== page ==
The way I see it now, my main mission in life, and in this course, is to help women remember. We as the collective feminine have forgotten who we are. For some, we have totally lost touch with our true essence. For others, we are waking up, feeling our essence, but maybe have forgotten some key aspects of our true self. For me, the key themes that have played out in my life are helping me to remember my power, my worth, and my goodness. I am reclaiming them now. At times I believe it is also my path to help other women remember their power, goodnesss, and worth, but we all have a different quest to reclaim different aspects of our wholeness. And this is what these Goddess meditations can awaken within us. A return to our wholeness. An opportunity to realize and reclaim the aspects of our whole self that have been lost, forgotten, unrealized, or denied. Each Goddess represents different aspects of the whole Divine Feminine and by studying a practicing with these Goddess energies we can all on and strengthen our personal innate gifts as well as awaken aspects that we admire and want to develop. The Goddess is real. She lives in us and around us and she is waiting on you to call on Her.
On Monday, May 1 we will call on the energies of the Goddess Saraswati. Working with Saraswati has been life changing for me. In learning about her, I recognize so much within myself that I have been denying or explaining away. For example, I am a lover of solitude. It fuels me and gives me space to delve deeply into my practice. In romantic relationships, I have often felt confused when I need big chunks of time alone. Days or even weeks. TIme to go inward, to read, write, be introspective and focus on my own passions. I would feel guilty asking for it and wonder, "Do I truly love him if I want to be alone so much?" So, I would often deny that need which would inevitably lead to resentment and hurt feelings. And then I read about Saraswati. Saraswati is the Goddess of wisdom, language, music, writing, communication, and the independent woman. She is one of the rare un-partnered Goddesses. There are several myths about Saraswati and one is that she was married to the God, Brahma. Brahma was not happy when Saraswati would fail in her "wifely" duties and disappear for days lost in her introspection and creations, and eventually divorced her when she failed to show up at one of his important celestial functions. When I read this, I cried deeply because I could so strongly relate. With this release came two big realizations.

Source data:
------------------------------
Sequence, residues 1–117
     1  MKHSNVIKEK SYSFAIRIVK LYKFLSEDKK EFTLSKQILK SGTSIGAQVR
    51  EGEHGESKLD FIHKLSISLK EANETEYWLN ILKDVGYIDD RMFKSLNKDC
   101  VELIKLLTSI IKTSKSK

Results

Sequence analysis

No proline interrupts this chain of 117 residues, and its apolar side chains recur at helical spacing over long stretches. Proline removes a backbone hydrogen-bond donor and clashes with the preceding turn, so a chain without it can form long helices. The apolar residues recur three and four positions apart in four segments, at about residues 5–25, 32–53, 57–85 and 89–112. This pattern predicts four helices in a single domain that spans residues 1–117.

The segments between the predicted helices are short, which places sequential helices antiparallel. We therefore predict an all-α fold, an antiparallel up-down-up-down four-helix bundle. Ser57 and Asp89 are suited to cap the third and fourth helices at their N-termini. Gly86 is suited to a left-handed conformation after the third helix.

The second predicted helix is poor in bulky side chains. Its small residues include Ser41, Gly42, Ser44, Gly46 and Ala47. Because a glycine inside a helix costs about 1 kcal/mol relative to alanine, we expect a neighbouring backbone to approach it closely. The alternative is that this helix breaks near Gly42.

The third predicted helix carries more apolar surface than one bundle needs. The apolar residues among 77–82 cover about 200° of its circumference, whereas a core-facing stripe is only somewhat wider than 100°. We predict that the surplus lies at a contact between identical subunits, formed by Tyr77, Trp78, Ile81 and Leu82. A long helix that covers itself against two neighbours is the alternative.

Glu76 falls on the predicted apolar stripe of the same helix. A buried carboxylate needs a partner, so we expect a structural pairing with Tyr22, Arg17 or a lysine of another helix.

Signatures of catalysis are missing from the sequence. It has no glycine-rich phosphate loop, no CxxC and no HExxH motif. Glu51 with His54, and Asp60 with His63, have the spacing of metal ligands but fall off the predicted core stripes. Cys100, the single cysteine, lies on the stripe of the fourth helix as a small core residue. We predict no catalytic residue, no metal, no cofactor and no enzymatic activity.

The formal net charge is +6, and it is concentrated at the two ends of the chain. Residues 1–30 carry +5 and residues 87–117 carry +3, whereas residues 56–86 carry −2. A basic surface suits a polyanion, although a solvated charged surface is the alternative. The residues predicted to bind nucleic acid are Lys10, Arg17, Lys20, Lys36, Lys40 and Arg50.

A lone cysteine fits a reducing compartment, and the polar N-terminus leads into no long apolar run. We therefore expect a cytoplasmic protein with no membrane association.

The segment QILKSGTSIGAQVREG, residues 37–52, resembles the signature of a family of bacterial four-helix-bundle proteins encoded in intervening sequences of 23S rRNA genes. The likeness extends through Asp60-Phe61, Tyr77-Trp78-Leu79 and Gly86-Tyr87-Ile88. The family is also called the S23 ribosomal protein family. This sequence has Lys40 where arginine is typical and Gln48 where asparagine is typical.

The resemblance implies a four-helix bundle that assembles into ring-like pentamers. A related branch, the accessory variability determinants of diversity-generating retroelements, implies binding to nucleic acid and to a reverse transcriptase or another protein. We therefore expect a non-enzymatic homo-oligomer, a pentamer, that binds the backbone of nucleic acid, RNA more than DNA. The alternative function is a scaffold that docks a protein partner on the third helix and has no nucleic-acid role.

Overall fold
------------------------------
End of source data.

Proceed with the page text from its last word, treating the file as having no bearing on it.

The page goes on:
The first is that I can no longer deny or diminish this very deeply embedded aspect of myself. So, instead, I began to feed it. i created a very beautiful space in our home for me to nurture my creations. I call it the "moon room." I decorated it with my own creative flair and bought myself a desk to write by the garden window. A glowing rose quartz Ganesh sits on my desk and in the center of the moon room is a Saraswati altar. I love this room so much and it has been an important symbol for me in claiming who I am unapologetically. Tapping into this energy in a conscious way empowered me to (finally) create my writing blog and even start taking cello lessons. Calling on Saraswati has helped me to awaken, materialize and honor my gifts and for that I am so grateful.
My second big realization is that it takes a very special partner to be with a thriving Saraswati woman. I emphasize thriving, because it seems that when her independent qualities are not truly honored and appreciated (by her self or her partner), a Saraswati woman can find her life force withering in relationship. The partner must be secure enough not to be threatened by her need to withdraw at times. Even better if they encourage her to to listen to that need. My husband told me an amazing quote that his married friends have on their refrigerator : "May I be the guardian of your solitude." I LOVE this. Without this type of co-nurturing, a Saraswati woman may find it easier and true to her essence to stay single. When discussing our upcoming marriage, my husband and I had some big conversations around this topic. Luckily, he is very secure and it also helps that he has quite a bit of Saraswati energy himself, so the solitude breaks are restorative for him as well. What I found after having the courage to claim this part of me and communicate it openly with my husband, was that when we do come back together, I am overflowing with gratitude and love towards him. So much sweeter than the resentment that may have developed had we not honored Saraswati's call within us.
Most of what I have learned about the Goddesses comes from Sally Kempton's book Awakening Shakti. I will leave you with one of my favorite insights from this book: "A Saraswati woman gets her deepest satisfaction from being in touch with that source of inspiration and creativity."
To learn more about the practices of the Goddess and how they can transform your life, join us for my 4 week series, Embodiment of the Goddess. More info Here: